The legislation states that the display and teaching of the motto should be encouraged because "nearly every criminal law on the books can be traced to some religious principle or inspiration." The resolution states the motto "reflects the national sentiment that we are a religious people whose institutions presuppose a Supreme Being."

"It should be engraved into our national conscience," said Rep. Ronnie Shows, Mississippi Democrat, who sponsored a similar bill.

Keyes' rally

Republican presidential candidate Alan Keyes plans to speak at a rally in Boston today held by the Parent's Rights Coalition of Massachusetts in support of removing from the state budget $1.5 million for the Governor's Commission for Gay and Lesbian Youth.
The rally at the Massachusetts Statehouse is being held in response to a "Teach-out" sponsored by the Massachusetts Department of Education, the Governor's Commission and the Gay, Lesbian and Straight Alliance aimed at building more "gay-straight alliances" statewide and expanding homosexual teachings to lower grades.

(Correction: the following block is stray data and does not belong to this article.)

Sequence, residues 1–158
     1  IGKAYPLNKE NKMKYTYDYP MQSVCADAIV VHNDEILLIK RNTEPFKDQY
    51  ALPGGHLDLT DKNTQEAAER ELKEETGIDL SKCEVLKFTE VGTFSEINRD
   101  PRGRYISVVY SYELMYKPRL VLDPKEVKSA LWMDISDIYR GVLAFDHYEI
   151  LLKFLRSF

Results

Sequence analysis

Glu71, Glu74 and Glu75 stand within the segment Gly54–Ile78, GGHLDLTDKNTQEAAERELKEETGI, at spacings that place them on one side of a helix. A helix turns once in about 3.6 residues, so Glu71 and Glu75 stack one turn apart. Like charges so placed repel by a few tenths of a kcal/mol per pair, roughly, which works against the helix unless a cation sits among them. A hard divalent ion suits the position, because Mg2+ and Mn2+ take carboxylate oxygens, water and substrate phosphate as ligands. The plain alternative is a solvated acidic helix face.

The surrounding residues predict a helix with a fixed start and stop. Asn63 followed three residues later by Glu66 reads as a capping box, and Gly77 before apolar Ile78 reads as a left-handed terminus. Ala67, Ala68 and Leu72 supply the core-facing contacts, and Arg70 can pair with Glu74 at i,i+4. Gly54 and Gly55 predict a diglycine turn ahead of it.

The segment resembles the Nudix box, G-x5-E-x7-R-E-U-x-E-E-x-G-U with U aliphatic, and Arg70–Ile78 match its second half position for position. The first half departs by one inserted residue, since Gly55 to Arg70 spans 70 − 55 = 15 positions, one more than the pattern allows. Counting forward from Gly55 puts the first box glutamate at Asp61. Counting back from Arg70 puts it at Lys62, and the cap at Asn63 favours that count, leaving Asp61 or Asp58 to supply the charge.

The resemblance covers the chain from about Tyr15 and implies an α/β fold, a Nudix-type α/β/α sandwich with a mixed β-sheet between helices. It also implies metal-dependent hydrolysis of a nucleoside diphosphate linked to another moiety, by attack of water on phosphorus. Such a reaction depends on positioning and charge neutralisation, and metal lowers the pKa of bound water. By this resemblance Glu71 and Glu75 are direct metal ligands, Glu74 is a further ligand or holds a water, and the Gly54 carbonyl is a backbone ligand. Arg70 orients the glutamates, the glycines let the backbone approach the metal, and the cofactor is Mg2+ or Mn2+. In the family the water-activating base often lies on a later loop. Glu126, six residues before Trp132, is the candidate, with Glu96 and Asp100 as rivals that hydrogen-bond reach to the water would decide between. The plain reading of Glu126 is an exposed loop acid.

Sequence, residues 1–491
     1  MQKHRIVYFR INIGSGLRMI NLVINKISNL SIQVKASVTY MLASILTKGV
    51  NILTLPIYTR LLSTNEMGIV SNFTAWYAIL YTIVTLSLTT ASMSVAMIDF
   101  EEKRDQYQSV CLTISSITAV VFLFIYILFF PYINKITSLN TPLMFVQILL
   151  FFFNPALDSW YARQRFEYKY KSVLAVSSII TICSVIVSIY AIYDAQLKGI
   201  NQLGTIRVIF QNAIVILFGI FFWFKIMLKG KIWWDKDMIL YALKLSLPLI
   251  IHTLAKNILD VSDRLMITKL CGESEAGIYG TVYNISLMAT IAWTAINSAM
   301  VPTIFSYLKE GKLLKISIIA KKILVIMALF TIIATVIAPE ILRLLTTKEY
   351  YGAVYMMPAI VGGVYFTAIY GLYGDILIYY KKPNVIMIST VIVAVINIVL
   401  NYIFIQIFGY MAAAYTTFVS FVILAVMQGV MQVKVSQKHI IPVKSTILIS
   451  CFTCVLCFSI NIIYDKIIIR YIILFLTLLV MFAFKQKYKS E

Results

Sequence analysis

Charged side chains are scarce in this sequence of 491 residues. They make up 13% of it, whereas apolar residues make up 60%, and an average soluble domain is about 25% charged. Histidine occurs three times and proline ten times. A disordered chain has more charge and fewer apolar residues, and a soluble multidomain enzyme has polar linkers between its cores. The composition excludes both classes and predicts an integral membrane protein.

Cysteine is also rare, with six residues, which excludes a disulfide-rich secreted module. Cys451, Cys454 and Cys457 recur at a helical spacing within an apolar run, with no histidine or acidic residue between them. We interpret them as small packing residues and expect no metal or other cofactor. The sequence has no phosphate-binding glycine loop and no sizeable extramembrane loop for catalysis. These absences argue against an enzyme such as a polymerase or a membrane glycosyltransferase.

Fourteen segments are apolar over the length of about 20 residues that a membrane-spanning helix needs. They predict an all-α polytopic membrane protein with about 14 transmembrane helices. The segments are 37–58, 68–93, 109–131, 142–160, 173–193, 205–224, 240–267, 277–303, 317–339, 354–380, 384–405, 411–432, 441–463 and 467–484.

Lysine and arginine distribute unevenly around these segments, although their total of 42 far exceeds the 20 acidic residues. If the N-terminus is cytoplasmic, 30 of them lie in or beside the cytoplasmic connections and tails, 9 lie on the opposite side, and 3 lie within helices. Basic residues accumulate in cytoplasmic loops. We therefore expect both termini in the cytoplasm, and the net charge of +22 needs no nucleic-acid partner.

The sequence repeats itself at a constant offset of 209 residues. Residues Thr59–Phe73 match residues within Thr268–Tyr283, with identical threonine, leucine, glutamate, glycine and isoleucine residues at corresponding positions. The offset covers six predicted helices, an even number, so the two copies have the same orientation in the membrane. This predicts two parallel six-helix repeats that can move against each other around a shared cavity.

The Parent's Rights Coalition of Massachusetts complains that the meetings introduce grossly explicit and detailed instruction in homosexual acts to children.

Pointing fingers

"Karen Adler, Hillary Clinton's Jewish affairs adviser and the author of an embarrassing campaign memo that became public last week, isn't exactly warmly regarded by all portions of the city's diverse Jewish community," the New York Post's Fredric U. Dicker writes.
"She's viewed as very pro-Reform Jewish and not so strong with the Orthodox or Conservative communities," a prominent Jewish Democrat told the columnist.
Mr. Dicker added: "Some close to Hillary were even blaming Assembly Speaker Sheldon Silver, an Orthodox Jew, for orchestrating the memo's leak, supposedly in a move to damage Adler. Those close to Silver adamantly insisted that he had nothing to do with it."